Veterans chief Shulkin says he has no intention of quitting
WASHINGTON (AP) -- Veterans Affairs Secretary David Shulkin, under fire for ethics violations, said Thursday that he has no intention of leaving his job even as the White House hinted at the possibility of "personnel changes" to lead the beleaguered agency.
Speaking at a budget hearing, Shulkin expressed regret for "distractions" that have shifted attention from his efforts to fix veterans' health care and pledged to put the government's second largest department back on track.
Shulkin, the lone Obama administration holdover in Trump's Cabinet, praised the congressional oversight committees for largely standing behind him to fix the Department of Veterans Affairs, compared to critics he said were "more interested in politics."
"With all of the distractions that are happening in Washington and all the distractions in VA, the events that have happened should remind us all about why it's so important that we're doing what we're doing today to get this budget right and get VA on track," he told a House appropriations subcommittee. "I came here for one reason and that is to improve the lives of veterans."
Addressing a government investigation underway into his alleged use of security detail for personal errands, Shulkin denied that he was using the taxpayer-paid armed guards any differently from other members of the Trump Cabinet. "I publicly acknowledge the distraction is something I deeply regret," he said.
White House Press Secretary Sarah Huckabee Sanders declined to offer an endorsement of Shulkin om Thursday. She said President Donald Trump believes the nation's veterans are being generally well-served but the White House was actively studying ways to improve the VA, such as possible changes "at the top level."
"The president has a large number of individuals that are working hard to make sure that the VA is helping veterans at the best level possible," she said. "I can tell you that everyday we're looking for how we can better the system, whether it's through policy changes or personnel changes, not just at the top level but across the board."
Amid the controversies swirling around him, the White House in recent days has floated the name of Energy Secretary Rick Perry as a replacement. But Perry said Wednesday he had no interest in the job.
Rumors also circulated that conservative "Fox & Friends" contributor Pete Hegseth might be tapped for the job. Trump once seriously considered Hegseth, a former military officer and former CEO of the conservative Concerned Veterans for America, for the position.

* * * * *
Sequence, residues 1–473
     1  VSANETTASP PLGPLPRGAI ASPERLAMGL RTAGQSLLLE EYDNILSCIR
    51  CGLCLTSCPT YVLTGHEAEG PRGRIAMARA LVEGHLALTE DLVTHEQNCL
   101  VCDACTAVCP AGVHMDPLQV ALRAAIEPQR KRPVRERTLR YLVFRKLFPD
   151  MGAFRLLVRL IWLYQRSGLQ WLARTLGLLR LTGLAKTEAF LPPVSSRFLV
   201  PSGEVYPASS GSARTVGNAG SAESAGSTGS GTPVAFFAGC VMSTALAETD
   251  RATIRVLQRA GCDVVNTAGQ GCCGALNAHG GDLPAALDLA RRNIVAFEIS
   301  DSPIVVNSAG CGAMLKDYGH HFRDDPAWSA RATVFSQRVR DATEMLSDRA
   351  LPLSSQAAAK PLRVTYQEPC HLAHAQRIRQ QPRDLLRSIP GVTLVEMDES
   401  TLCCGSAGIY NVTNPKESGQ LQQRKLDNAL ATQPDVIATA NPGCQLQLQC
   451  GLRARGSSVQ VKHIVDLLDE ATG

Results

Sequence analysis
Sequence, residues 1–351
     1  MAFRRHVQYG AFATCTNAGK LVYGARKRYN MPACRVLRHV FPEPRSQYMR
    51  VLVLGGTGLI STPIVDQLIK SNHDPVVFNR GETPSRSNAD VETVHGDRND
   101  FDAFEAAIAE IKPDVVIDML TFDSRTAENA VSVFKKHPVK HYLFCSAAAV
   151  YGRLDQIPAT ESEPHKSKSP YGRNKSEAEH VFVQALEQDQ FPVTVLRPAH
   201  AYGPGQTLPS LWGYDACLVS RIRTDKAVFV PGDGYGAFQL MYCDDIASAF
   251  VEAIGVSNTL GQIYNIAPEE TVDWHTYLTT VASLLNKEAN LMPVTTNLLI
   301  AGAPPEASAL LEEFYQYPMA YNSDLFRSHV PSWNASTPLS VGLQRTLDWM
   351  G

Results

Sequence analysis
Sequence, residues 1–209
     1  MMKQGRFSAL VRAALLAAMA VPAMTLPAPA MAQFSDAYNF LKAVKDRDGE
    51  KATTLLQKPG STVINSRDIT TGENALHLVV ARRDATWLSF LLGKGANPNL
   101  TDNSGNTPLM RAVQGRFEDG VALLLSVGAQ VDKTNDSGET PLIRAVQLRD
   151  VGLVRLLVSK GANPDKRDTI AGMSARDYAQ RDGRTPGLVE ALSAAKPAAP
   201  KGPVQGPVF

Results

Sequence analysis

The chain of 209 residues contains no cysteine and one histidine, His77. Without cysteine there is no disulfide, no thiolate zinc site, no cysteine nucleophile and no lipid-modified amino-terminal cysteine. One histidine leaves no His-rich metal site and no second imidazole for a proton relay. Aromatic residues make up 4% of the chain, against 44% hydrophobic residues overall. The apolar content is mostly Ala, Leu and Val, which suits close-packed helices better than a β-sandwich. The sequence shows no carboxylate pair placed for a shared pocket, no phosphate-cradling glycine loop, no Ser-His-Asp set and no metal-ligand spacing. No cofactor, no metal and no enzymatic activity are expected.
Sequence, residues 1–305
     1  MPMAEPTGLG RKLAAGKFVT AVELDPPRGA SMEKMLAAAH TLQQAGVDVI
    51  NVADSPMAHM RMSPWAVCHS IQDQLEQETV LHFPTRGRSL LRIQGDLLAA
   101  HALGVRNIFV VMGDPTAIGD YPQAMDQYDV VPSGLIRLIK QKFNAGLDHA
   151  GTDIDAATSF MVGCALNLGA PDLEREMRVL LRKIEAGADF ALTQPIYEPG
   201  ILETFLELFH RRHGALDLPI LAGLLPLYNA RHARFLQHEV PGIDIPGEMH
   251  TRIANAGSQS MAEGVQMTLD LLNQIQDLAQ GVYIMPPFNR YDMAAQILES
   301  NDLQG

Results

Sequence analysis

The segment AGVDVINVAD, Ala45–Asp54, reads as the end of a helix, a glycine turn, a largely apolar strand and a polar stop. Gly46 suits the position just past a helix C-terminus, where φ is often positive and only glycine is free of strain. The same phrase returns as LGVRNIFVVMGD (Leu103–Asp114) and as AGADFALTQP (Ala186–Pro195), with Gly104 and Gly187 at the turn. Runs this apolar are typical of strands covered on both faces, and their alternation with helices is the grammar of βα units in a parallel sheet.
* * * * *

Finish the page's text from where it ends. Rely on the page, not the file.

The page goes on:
A person familiar with Hegseth's thinking told the AP late Wednesday that if offered the position, Hegseth would take a "hard look." The person said that when Trump considered Hegseth for the post in late 2016 before settling on Shulkin, Hegseth told Trump he would "of course" accept, and Hegseth's stance hasn't changed since. The source demanded anonymity because he was not authorized to discuss the private conversation.
Two administration officials told The Associated Press on Wednesday that Shulkin's position is precarious and that he could be out of a job within the week, but they cautioned that nothing was finalized. Those officials spoke on condition of anonymity to discuss a sensitive personnel matter.
Shulkin has faced several investigations, including a bruising VA watchdog report that found ethics violations in connection with a trip to Europe with his wife last summer. In recent weeks, Shulkin has faced an insurgency within his department and fresh allegations that he used a member of his security detail to run personal errands.
The VA inspector general is looking into a complaint by a member of Shulkin's 24-7 security detail that he was asked to accompany the secretary to a Home Depot and carry furniture items into his home, according to two people familiar with the allegation who requested anonymity to discuss an ongoing investigation.
The uncertainty over Shulkin's status has left the VA, which employs 360,000 people, virtually paralyzed, with members of Congress confused over who's in charge and what's being done to improve care for 9 million military veterans in more than 1,700 government-run health facilities. On Wednesday, Republican Rep. Andy Biggs of Arizona became the second lawmaker to call for Shulkin's resignation, joining House Veterans Affairs Committee member Mike Coffman, R-Colo., in chastising a "culture of inefficiency and complacency" within a "broken VA system."
In an AP interview Thursday, Coffman noted that Shulkin has yet to admit he did anything wrong after the VA inspector general concluded that he had improperly accepted Wimbledon tennis tickets and that his then chief of staff had doctored emails to justify his wife traveling to Europe with him at taxpayer expense. Shulkin is among several Cabinet secretaries who have been investigated for pricey travel.
"He absolutely, fundamentally was not honest and was not transparent," Coffman said. "When other Cabinet members have been exposed on the same issues, they just came forward with it and said 'Yes, I made a mistake.'"
"We need somebody who's going to be very aggressive in cleaning up the VA, and there's absolutely no way that he has the moral authority or the leadership to do that," Coffman said.
Still, for the most part, Republican and Democratic lawmakers were standing behind Shulkin, viewing him as the department's best guardian to fend off Trump administration efforts to privatize VA care.
Associated Press writers Catherine Lucey, Ken Thomas, Jonathan Lemire, Laurie Kellman, Matthew Daly and Darlene Superville contributed to this report.